On Sky Sports earlier in the day, he admitted that the decision to continue moving on from Pietersen came, partly, from a personal place: “The truth about Kevin is that he is a phenomenal cricketer. But over months and years, trust has eroded between Kevin Pietersen and the ECB. There is a massive trust issue between me and Kevin.”

A day later, the Mirror broke a story that claimed Alastair Cook and “other members of administrative staff” would have walked out if Pietersen were allowed back into the fray. In hindsight, Strauss’ use of “me”, however jarring from a director in a role that would surely benefit from impartiality, seems tactical. Fresh and relatively unscathed, he seemed happy to be Cook’s shield.

Earlier on, he had announced that Ian Bell and Stuart Broad would be relieved of their Test vice-captaincy and T20 captaincy duties, respectively. Replacing Bell would be Joe Root, while Eoin Morgan is in charge of all things limited-overs. Oh yeah, and the coach kicked the can.

Prior to the addressing of Peter Moores’ departure as head coach came a contrite explanation from Harrison of how unfortunate it was that the details of his axing had been spilled during a washed out ODI in Dublin. As the clumsy details were retold, Strauss frowned. While echoing the sentiment that the affair was thoroughly uncouth – truth is, he looked pissed off – he stopped short of championing a man described by the recently sacked Paul Downton as “the outstanding coach of his generation”. Well short.

“He [Peter Moores] has got some very strong skills around player development. But I think in a couple of areas he was exposed at international level, around strategy and tactics, and we saw that in the World Cup. I also believe he was undermined by the fact that he had done the job before. He needed time and space and he was never going to get that time and space to develop the players.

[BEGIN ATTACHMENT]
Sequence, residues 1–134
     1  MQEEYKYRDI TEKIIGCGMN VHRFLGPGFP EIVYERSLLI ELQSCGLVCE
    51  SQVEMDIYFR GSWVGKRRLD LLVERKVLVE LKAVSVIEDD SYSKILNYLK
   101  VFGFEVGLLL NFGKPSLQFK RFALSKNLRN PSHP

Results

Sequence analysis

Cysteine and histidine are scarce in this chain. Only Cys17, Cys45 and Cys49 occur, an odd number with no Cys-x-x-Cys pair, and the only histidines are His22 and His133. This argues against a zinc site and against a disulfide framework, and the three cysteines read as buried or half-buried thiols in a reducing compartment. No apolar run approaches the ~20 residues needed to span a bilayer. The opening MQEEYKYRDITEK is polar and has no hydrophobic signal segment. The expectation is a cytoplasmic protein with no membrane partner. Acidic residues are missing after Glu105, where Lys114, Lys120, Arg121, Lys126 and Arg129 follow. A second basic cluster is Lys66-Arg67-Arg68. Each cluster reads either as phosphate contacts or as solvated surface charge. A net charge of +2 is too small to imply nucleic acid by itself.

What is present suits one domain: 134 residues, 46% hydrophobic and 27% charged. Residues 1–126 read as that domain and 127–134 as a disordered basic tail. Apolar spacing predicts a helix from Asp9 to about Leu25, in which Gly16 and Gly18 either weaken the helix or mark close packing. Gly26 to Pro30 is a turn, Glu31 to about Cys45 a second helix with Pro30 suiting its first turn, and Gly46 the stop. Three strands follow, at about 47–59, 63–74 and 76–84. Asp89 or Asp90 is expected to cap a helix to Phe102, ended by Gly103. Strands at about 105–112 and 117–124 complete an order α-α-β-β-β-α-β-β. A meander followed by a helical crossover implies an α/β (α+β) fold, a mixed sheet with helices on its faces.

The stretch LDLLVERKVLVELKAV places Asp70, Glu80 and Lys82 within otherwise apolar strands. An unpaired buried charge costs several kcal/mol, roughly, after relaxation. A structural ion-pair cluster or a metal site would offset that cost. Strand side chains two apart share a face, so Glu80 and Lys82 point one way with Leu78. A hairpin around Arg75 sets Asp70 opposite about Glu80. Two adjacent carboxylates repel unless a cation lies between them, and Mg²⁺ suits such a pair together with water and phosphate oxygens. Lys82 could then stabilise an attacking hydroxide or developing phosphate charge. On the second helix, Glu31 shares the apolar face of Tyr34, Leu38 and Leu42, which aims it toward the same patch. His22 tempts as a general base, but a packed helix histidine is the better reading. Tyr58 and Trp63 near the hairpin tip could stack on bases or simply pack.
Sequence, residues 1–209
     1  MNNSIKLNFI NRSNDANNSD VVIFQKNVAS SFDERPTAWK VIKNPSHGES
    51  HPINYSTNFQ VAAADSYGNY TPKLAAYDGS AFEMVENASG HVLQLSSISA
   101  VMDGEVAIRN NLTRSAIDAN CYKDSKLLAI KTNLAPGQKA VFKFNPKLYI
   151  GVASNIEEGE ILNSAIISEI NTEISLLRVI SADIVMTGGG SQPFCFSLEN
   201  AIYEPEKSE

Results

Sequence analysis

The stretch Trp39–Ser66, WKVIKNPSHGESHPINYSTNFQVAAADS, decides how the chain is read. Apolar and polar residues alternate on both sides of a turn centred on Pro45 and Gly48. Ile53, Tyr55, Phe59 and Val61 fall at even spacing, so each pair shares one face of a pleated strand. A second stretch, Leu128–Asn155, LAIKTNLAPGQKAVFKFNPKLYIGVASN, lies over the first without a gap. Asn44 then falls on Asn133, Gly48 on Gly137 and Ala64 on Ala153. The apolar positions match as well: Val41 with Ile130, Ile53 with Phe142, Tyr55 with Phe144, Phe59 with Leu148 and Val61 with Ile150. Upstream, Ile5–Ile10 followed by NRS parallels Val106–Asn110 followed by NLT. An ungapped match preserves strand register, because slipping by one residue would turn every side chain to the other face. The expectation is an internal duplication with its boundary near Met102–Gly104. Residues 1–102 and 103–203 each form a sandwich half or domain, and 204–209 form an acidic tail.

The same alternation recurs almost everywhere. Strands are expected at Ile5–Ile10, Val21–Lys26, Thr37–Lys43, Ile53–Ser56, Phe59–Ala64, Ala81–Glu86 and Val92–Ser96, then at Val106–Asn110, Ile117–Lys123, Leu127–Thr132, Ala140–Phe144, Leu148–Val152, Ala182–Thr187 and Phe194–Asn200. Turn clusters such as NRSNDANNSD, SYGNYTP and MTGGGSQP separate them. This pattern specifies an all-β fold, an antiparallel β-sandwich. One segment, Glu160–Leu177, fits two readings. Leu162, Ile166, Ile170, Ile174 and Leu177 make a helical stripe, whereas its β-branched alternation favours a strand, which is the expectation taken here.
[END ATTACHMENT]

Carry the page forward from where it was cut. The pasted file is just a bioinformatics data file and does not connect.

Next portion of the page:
“Very quickly we got to a situation where every game England played was a referendum on whether he should be the coach or not. That wasn’t fair on him or the players. We needed to be able to take the pressure off the players and my job is to get a coach that allows us to move forward with fresh ideas and fresh thinking.”

One thing his Sky job afforded him was the chance to take a look at the bigger picture – the bigger issues within English cricket. Notably, its alleged decline as a national sport, both in terms of participation and a creeping apathy stemming from ill-thought out statements, high ticket prices and the Pietersen saga. Strauss is fully aware that choosing for a life beyond England’s greatest multi-format runscorer is not exactly guaranteed to make him popular, which is why he knows how important the first two are.

“As part of this process, I spoke to Tom and Colin Graves about their vision for the future of English cricket. They’re incredibly ambitious and keen to see participation levels going up and keen to see cricket becoming a centrepiece of many households throughout this country.”

Fast-forward to day five of the New Zealand Test at Lord’s; a score to get in, free for the nippers and the oldies, and queues around the block. For a moment, they almost went as far back as the escalators in St John’s Wood station. If we’re to judge Strauss’ effect on English cricket on his first fortnight in office, we’ll topple football by September.